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Novelists, poets, music artists, artists, and writers involved in the world of literature and art all have one thing in common. They create content that imitates life. Or I could also simply say they make content about life. One remarkable thing about this is that each one of them does this almost unconsciously. This is proof of Carl Jung’s argument about archetypes. We are going to look at the Jungian archetypes.
The definition of Jungian archetypes
Jungian archetypes refer to the idea that every person in the world has an understanding of patterns, symbols, images, tendencies, and situations and that the understanding of these things connects everyone. Carl Jung referred to the connection of people by this understanding as to the “collective unconscious”. Have you ever stopped to ask yourself about this subject? No! Why? Because the Jungian archetypes are almost like a basic instinct. You already have a “predetermined psychological program” about all the ideas you read about in literature. That is why the writers in Asia, with their very unique culture, will still write stories that have an unmistakable similarity to those of writers in Europe, and any other place in the world.
What do the Jungian archetypes comprise of?
The concept of the Jungian archetypes is everywhere. It can be seen in movies, songs, books, and every other type of art the world knows. There are many types of Jungian archetypes. The main four are the persona, the shadow, the anima/ animus, and the self.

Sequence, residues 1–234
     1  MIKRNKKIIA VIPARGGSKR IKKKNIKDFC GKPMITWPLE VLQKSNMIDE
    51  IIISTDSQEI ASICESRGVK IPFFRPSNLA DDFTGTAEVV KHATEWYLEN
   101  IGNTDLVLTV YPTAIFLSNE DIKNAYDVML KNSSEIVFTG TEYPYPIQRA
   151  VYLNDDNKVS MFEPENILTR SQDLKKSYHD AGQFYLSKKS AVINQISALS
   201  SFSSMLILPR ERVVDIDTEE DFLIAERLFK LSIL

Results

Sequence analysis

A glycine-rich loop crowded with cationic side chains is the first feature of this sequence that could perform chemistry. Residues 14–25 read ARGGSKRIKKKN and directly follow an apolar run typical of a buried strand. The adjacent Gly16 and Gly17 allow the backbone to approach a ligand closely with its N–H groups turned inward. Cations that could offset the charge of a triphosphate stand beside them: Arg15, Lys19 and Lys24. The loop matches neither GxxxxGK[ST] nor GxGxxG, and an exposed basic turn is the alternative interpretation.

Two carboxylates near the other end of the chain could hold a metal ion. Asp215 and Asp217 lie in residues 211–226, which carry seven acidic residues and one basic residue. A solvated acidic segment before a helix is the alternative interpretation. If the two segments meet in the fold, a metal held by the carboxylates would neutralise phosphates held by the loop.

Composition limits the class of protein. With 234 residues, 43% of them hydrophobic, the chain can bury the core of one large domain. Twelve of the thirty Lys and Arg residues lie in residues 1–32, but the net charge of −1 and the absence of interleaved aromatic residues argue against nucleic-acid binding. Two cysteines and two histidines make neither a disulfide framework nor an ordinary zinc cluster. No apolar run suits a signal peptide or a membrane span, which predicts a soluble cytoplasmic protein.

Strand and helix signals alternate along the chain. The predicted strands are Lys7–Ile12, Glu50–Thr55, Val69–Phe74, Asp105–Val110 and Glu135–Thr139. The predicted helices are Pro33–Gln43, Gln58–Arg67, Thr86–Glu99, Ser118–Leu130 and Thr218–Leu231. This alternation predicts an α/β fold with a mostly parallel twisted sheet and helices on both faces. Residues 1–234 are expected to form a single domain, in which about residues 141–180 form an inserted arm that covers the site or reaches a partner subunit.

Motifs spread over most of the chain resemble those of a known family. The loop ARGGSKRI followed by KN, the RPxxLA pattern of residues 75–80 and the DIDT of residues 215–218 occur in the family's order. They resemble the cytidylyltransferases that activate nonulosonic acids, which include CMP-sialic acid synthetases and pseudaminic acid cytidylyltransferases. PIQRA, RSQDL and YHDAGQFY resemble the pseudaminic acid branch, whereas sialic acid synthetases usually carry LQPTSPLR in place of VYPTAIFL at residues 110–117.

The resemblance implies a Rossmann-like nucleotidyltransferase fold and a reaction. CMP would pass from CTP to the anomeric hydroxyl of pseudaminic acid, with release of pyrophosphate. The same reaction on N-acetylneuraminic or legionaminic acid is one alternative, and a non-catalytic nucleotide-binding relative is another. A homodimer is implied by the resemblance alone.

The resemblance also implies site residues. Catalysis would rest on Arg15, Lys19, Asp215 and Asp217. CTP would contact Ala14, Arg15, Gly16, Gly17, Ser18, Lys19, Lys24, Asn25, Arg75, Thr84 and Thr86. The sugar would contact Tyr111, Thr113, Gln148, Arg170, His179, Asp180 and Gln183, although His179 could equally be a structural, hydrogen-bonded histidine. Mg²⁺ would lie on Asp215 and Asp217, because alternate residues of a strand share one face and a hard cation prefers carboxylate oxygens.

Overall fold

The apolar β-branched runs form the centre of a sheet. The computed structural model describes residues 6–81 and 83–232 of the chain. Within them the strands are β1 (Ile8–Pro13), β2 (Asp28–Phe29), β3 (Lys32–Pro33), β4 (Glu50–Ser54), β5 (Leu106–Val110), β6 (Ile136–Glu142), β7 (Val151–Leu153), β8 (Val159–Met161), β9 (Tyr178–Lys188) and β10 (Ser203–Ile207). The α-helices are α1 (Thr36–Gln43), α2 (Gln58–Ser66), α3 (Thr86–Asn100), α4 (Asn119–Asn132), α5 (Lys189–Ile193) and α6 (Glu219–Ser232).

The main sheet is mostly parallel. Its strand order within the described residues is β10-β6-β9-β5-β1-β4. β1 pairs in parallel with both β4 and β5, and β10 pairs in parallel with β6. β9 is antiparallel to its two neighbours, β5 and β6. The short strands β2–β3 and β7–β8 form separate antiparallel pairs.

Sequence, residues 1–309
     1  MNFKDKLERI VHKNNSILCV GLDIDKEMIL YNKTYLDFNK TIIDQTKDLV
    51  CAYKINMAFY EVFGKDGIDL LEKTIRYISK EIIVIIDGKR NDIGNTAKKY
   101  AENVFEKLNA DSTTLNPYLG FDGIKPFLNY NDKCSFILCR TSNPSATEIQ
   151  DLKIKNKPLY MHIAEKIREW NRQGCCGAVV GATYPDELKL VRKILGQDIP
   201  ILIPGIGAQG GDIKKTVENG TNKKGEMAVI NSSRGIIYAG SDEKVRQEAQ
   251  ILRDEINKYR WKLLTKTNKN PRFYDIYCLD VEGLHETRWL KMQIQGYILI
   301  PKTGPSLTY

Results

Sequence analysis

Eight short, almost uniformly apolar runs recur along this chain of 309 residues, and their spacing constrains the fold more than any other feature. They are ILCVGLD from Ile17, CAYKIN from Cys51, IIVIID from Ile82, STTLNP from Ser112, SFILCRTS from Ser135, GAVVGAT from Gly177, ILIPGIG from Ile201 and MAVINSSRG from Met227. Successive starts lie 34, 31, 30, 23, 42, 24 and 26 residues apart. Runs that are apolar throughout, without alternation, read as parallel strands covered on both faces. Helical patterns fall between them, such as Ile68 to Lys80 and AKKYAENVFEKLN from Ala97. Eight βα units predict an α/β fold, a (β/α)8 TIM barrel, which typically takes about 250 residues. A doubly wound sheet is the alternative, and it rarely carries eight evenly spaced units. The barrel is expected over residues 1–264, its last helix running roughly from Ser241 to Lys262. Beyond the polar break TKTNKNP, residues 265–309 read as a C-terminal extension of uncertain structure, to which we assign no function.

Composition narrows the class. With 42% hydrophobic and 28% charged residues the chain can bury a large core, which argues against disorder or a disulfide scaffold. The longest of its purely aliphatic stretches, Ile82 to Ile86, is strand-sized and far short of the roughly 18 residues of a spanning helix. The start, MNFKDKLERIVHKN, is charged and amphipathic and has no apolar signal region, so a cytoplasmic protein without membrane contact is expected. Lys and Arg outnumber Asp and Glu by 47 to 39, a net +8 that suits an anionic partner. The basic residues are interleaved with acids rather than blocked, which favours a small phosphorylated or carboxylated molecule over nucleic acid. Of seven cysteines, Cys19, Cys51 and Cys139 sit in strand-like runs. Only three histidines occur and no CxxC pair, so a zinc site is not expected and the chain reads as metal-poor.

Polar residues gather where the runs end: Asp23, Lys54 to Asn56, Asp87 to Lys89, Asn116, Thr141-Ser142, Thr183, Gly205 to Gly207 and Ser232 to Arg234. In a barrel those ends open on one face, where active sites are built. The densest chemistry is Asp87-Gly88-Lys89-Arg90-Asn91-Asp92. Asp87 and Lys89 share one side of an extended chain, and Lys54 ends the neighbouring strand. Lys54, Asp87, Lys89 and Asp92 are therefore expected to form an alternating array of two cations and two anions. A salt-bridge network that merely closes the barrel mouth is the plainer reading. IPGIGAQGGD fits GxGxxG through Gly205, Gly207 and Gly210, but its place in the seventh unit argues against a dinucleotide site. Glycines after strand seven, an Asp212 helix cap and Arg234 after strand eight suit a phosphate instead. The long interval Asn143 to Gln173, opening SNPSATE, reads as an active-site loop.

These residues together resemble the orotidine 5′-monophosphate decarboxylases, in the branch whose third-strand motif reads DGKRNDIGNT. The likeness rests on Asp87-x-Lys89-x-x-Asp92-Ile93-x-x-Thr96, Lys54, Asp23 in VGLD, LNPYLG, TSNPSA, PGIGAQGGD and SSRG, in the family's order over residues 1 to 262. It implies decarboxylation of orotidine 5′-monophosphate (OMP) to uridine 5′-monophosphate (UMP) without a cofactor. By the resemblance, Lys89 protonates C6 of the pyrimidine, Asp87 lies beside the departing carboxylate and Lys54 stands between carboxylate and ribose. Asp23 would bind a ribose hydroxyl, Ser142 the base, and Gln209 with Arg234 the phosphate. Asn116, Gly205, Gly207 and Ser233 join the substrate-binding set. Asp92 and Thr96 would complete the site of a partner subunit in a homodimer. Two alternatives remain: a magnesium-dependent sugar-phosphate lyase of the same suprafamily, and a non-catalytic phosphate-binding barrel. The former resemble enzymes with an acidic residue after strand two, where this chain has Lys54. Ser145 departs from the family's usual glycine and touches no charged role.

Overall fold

The persona refers to the traits a character displays. This can also be interpreted as the outward appearance of a character. The persona is what a character appears to be, it is usually not the true self of a character. The character’s persona is like a mask of the character’s true traits.
The shadow refers to the dark side of a character. Usually, a character does not acknowledge his or her dark side. The dark side is considered an unconscious side of a character because the character does not show it.
The anima refers to a male character’s feminine side. The anima highlights a male character’s urge to connect with a female character.
The animus refers to the male side of a female character.
The self can simply be defined as the character’s unified and whole self. This is what we can refer to as the true or real traits of a character.
The Jungian archetypes also entail events such as birth, initiation, marriage, death, and more. It entails figures such as gods, demons, the devil, parental figures, and many other figures. There are also a diverse variety of Jungian archetypes motifs. These motifs may have influenced the classification of the categories of literary genres. The motifs include the apocalypse, the deluge, the creation among others.
The use of Jungian archetypes
Writers use the Jungian archetypes to pass a moral lesson on to their audience.
Writers use Jungian archetypes to make their literary work interesting.
Written by Readers’ Favorite Reviewer Keith Mbuya